So today, roadblocking is impossible. The road's too wide, and it has too many lanes.But that doesn't stop advertisers from trying.
Sometimes it's because an advertiser feels it has to be everywhere. And sometimes it's because the advertiser just can't say no to all those great fire-sale media deals from all those persuasive sales reps.
Either way, the result's the same: Too many dollars spread around over too many media too thinly to get above anyone's threshold of attention. It's like losing bladder control while wearing a navy-blue suit: You feel warm and wet and nobody notices – and the dry-cleaning bill is very expensive.
But even if advertisers have the government-size budgets to roadblock, they should spend their money elsewhere, for one simple reason.
Your audience isn't everyone
In the late 1980s, Coca-Cola management scheduled a conference for the creative directors of all their advertising agencies around the world. One of the questions they asked was, "How do you define our target audience?"
"Everyone with a @$&^!#% mouth," the outspoken creative director of Mojo, their Australian agency, replied.
But even by then, that had ceased to be true, even for brands as universal as Coke. Soft drink makers had learned that brand preferences got formed and locked in by the teen years, so except for annual attempts to reach everyone with air time on the Super Bowl, they targeted their media buying, and their message, to the youth market.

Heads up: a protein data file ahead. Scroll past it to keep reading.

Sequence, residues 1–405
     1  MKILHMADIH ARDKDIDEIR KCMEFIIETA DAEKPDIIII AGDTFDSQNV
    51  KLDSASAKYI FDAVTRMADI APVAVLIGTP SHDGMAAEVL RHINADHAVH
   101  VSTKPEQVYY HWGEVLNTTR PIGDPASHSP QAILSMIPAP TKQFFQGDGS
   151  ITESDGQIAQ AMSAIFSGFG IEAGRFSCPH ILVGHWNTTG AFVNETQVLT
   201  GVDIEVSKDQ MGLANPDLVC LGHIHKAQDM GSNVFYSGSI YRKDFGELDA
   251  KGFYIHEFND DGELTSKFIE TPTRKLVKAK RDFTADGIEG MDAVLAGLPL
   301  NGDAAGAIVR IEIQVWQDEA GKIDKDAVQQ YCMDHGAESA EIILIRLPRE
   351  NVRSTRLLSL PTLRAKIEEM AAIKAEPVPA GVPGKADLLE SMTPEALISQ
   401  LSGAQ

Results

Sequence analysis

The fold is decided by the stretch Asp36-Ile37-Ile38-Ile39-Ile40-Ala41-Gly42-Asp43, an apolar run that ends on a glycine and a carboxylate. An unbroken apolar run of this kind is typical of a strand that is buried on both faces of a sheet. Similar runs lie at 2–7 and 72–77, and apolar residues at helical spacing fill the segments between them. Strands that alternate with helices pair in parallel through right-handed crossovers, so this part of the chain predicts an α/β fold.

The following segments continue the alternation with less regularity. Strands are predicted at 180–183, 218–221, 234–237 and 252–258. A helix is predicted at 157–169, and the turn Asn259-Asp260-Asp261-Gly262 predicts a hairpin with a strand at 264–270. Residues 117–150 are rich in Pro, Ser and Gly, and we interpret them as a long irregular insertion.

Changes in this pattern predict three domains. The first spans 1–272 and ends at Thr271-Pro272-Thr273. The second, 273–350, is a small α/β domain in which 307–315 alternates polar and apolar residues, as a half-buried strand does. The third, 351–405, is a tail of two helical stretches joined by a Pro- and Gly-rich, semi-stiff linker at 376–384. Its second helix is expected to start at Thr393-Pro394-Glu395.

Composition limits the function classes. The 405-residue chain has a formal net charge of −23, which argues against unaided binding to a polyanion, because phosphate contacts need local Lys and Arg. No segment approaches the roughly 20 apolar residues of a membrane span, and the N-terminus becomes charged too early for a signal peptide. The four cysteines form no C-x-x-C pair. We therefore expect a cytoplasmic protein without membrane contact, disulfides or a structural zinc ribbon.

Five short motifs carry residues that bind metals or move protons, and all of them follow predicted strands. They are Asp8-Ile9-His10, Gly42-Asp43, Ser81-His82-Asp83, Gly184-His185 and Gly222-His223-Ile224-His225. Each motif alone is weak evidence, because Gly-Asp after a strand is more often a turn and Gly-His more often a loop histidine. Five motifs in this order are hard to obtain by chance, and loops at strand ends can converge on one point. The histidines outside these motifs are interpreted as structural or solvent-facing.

Throughout most of the previous century, advertising was able to segment audiences by gross demographic characteristics – gender, major age group, geography, education, income. Starting in the late '70s, agencies started segmenting psychographically, by values and lifestyles.This discovery spawned a host of special-interest magazines, many of which are still on newsstands today Today, cable television targets geographically, demographically and psychographically as well. You can buy behavioral as well as demographic mailing lists. And, of course, online advertising can pinpoint prospects by the words they search and the sites they visit.
Be somewhere, not everywhere
Nobody can afford to be everywhere. Which is okay, because nobody has to be.
The key is to be in the right place, at the right time, where your message reaches the right people. And that's almost as easily done as said, provided you know your customer base. In some cases, this might be driven by your product(s); it doesn't take much guesswork to know who buys cribs and playpens, for example. In other cases, you can see, and strike up a brief acquaintance with, people who walk in your door. This is good business in any event, as is learning your audience.
If you maintain some sort of database or customer sign-in, go to surveymonkey.com and set up a quick, free online survey to ascertain your clientele's interests and media use. Better yet, take this information to a good, professional media buying service or ad agency – not a sales rep.
That way, you'll be in the right place at the right time to reach the right people – for considerably less than you'd waste, and with considerably more return than, buying everywhere and reaching nobody with nothing.